This past 2018 summer, I asked STEP to fund me on my study abroad to Suzhou, China. There I not only had the opportunity to experience the many wonders of China’s culture and society, but I also spent a large chunk of my time participating in Ohio State’s Summer Intensive Chinese Language Program based out of Suzhou University.
Visiting China to me was more than just an academic and career oriented experience for me, rather it impacted me on more of a personal level. This study abroad program did not only give me my first opportunity to visit China as a student, but it allowed me to return to China for the first time since I was adopted from China twenty years ago. Every adoptee has a different experience when they first return to the country they originated form, and I had no idea what mine would be like. Since my ethnicity is Chinese, I was afraid people would judge me for the foreign clothes I wore and the poor mandarin I spoke.
However, I experienced the exact opposite of discomfort and insecurity there. People did not seem to care for these small differences, and if where I came from came up during conversation, people were even more welcoming after they learned I was adopted. It was in China, I was finally able to come to amends that while my nationality is American, I will always be ethnically Chinese and I am more than happy to embrace that side of me now. In fact, by the time it was time to go, I was not ready to go and the moment I boarded my flight back to the States, I was ready to return the homey city of Suzhou. Without this opportunity to study in China, I would still be wondering whether or not China would accept or reject me.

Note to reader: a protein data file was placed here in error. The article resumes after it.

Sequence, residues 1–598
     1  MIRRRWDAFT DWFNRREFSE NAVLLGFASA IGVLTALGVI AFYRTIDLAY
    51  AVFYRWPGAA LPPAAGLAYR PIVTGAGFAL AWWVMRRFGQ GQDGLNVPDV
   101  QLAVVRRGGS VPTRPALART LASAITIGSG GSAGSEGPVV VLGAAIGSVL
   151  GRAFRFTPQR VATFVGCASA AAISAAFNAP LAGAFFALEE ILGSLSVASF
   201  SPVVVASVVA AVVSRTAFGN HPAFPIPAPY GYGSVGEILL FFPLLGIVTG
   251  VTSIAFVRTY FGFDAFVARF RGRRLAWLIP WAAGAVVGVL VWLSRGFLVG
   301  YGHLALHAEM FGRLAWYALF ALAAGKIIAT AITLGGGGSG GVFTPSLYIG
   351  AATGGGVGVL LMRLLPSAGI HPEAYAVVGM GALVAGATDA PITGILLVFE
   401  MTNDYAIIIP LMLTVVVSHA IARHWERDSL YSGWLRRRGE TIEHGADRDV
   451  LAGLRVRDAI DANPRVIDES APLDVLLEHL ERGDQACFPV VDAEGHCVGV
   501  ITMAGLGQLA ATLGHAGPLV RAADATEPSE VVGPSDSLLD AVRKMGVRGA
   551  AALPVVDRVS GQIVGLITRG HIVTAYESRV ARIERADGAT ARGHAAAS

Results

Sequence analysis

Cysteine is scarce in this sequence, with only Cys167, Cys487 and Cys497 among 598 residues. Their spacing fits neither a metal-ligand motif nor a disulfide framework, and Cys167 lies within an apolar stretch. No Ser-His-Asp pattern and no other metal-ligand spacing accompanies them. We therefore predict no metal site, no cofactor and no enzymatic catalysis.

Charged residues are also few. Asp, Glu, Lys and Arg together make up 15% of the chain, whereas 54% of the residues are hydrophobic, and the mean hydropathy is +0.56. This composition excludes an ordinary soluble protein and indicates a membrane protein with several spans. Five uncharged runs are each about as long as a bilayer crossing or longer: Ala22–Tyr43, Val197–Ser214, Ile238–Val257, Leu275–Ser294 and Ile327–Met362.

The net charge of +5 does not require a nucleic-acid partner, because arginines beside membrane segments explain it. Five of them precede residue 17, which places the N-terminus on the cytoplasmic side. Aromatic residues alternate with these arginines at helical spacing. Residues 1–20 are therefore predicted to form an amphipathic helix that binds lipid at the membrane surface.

Being 100% immersed in to Chinese society as well as having language classes and daily study sessions with our language partners forced me to not only improve my Chinese but also use my Chinese. As the summer went on and my language skills improved, I began to think in Chinese and mix Chinese into my English without realizing it. Suddenly I went form not being able to verbally form a single sentence to having in depth conversations on societal differences with my language partners. My studies and especially my time spent with my language partners allowed me to gain the confidence I needed to use my Chinese in not only every day life but also with strangers. My improved language skills also allowed me to blend in to Chinese society, despite the clothes I wore or non-native accent I had when I spoke.
During my stay in China, I became confident enough to use the transportation system all over Suzhou and many other cities in China, had not few problems ordering food and paying for anything I needed, and I finessed my spiel on how I was adopted from China as a baby. All of this and more gave me the ability to blend in with Chinese society until they saw my American Passport and really experience the culture in China. By the end of the program I was using every day slang and the speed of my speech had picked up drastically. Before this opportunity, I would have never pictured myself living in China, but now I could see myself living there for a few years here and there.
While this experience gave me more comfort as an adoptee, this change was also significant to my academic studies. I am currently writing an undergraduate thesis on “The Chinese Marriage Trade as a Gray Market” (with a Focus on North Korean Women). My undergraduate research combined with my own curiosity on the mass foreign adoptions that occurred in relation to China, led me to do my study abroad’s program research on “China’s Opinion on Marriage”. I learned that the basis of Chinese society is family and without marriage a family cannot legitimately exist, so it happened to be the perfect topic for me to research that summer. On an academic level, gained some in field results to support my undergraduate thesis and on a personal level, these results allowed me to let go of some of the resentment I had for my situation for so long. Taking part in this program was one of the best decisions I have ever made in my life.